The Deadly Attack of the Smart Phone Zombies


I ended my last posting with a heartfelt paean to the newest generation of American citizens in their 20s. Even if this may seem like a critique of that same generation, I write with the greatest respect for their potential and intelligence. But I’m compelled by a deep concern about a technological force that seems to have this generation in its grip.

I call it The Deadly Attack of the Smart Phone Zombies.

Trying hard to be cool urban hipsters? Or are they devolving into smart-phone zombies? You decide. Courtesy: Shutterstock.

You may recall the classic zombie B movie Night of the Living Dead, where all the decomposed humans who’ve come back to life wander around looking for human flesh. But they are pathetic monsters, in fact — easily eluded or out-run, and whatever intelligence they may have once possessed is shrunk down to their one fixation. But because of that fixation they are relentless — their only power — to kill and feast on human flesh.

In this case, the obvious intoxicating fixation is a darkly gleaming toy in the left hand.  The statistics are horrifying and seemingly improbable regarding its physical dangers(see below), not to mention the social problems. These seemingly innocuous zombies do kill. The notion that someone would be typing a message to someone while driving a car in traffic is so absurd as to be instantly thrown out of a screenwriting brainstorm for The Twilight Zone.

It’s because the people in The Twilight Zone are usually hyper-aware and all too sensitive to the strange goings-on and impossible situations that are closing in on them.

Not these people. And most of them are in their 20s and that’s what troubles and saddens me because it’s clearly a matter of cultural conformity and peer pressure. If you’re not texting or tweeting or adding Facebook friends, you’re just not with it.

Well, the reason you’re not might because you’re dead, if not a real zombie well on its way back to the grave.

Here are three incidents I witnessed today:

1. I went out biking and as I turned onto the pathway that leads to the main East side Milwaukee bike trail to the lakefront I approached a young mother with a toddler. She noticed me and instinctively shooed her youngster over to the right side. I always admire good maternal instinct. Imagine my shock when as soon as her son was safe she began meandering diagonally right into my bike’s pathway, her head down and re-engrossed in the zombie box. I had to break and she finally came to, and almost looked up.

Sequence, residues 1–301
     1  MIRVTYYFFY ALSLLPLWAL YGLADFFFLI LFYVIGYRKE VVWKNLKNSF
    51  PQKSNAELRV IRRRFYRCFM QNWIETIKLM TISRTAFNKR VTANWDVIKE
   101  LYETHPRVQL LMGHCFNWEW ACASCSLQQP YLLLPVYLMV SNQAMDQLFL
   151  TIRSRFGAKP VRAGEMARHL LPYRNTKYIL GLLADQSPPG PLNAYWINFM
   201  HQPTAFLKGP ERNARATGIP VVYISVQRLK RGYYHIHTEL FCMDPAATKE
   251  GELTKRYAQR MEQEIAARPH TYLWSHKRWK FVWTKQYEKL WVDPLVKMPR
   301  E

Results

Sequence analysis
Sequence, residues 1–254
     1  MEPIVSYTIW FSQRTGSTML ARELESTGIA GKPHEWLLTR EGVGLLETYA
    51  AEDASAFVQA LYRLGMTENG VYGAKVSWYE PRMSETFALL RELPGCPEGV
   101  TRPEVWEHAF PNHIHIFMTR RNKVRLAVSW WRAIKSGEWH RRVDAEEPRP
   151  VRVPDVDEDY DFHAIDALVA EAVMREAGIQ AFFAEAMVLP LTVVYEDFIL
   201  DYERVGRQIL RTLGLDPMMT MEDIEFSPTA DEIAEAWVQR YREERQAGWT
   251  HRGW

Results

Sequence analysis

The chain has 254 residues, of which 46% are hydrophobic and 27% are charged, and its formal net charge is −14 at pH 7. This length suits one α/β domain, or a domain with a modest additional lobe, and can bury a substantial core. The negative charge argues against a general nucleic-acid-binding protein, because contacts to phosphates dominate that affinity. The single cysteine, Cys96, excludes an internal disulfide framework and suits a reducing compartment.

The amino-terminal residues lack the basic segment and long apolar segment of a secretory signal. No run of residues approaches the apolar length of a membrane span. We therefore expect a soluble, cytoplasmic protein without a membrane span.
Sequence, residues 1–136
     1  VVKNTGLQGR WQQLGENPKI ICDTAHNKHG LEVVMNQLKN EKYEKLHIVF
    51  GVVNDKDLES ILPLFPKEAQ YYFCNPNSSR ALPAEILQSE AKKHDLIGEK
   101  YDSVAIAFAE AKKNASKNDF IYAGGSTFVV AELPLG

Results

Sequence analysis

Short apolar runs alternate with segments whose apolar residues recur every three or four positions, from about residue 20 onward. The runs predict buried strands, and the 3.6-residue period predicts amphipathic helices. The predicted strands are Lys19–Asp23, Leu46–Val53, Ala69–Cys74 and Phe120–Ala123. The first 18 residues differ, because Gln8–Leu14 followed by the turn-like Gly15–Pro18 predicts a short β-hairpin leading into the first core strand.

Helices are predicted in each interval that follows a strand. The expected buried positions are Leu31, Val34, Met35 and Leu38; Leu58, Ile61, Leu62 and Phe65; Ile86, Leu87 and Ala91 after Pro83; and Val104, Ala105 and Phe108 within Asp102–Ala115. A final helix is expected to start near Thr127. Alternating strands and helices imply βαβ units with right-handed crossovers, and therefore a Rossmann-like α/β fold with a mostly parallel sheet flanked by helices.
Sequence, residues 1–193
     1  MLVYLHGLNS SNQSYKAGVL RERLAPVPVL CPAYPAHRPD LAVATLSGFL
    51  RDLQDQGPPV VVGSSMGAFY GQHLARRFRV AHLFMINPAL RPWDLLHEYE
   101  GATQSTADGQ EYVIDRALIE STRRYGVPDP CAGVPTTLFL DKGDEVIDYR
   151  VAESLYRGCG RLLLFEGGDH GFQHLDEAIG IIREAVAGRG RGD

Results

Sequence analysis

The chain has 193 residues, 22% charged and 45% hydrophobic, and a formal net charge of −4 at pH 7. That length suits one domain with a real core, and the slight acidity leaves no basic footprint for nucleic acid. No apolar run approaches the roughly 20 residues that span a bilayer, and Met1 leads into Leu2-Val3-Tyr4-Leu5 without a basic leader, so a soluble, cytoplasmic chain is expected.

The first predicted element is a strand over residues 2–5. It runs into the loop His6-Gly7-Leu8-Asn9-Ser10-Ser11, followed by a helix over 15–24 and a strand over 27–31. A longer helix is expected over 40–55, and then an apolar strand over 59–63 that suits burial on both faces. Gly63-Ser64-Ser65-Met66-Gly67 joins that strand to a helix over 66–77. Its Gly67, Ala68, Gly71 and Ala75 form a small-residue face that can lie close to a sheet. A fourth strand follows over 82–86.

2. I arrived at the aesthetic destination of each of my three times a week bikerides — the splendor of the Milwaukee harbor skyline highlighted by Santiago Calatrava’s addition to the Milwaukee art museum, a wondrously expansive work of sculptural-architectural engineering (more on that next time). A lovely 19th century style schooner drifted across the the bay and of course the birds delight — singing, swooping and skimming, and fanny-flashing ducks diving comically for fish, the surf lapping against the rocks, the elegant expanse of the Hoan Bridge and the humble yet amiably striking Milwaukee skyline. It all beckons the senses.

And yet, at the very moment where this whole scene unfolds before a pausing biker’s eyes, a young woman biker had stopped and instead of beholding the beauty, she had her head down in her zombie box pose. Apparently this was her reward for her exercise. Hel-lo??

3. On my way back, I’m on the very same pathway where I encountered the zombie mother, I now approached a young couple strolling ahead. I slowed down and coasted toward them until the man turns and sees me and steps aside. The zombie smart phone woman is oblivious. I’m forced to come to a complete stop.

I think the guy said excuse me. The woman was walking with the man totally engrossed in her zombie box. This was obviously not a romantic couple. Still, if I were him I would be insulted. I would say, “Roommate, if you walk out into the traffic on Locust and kill yourself, don’t blame me.”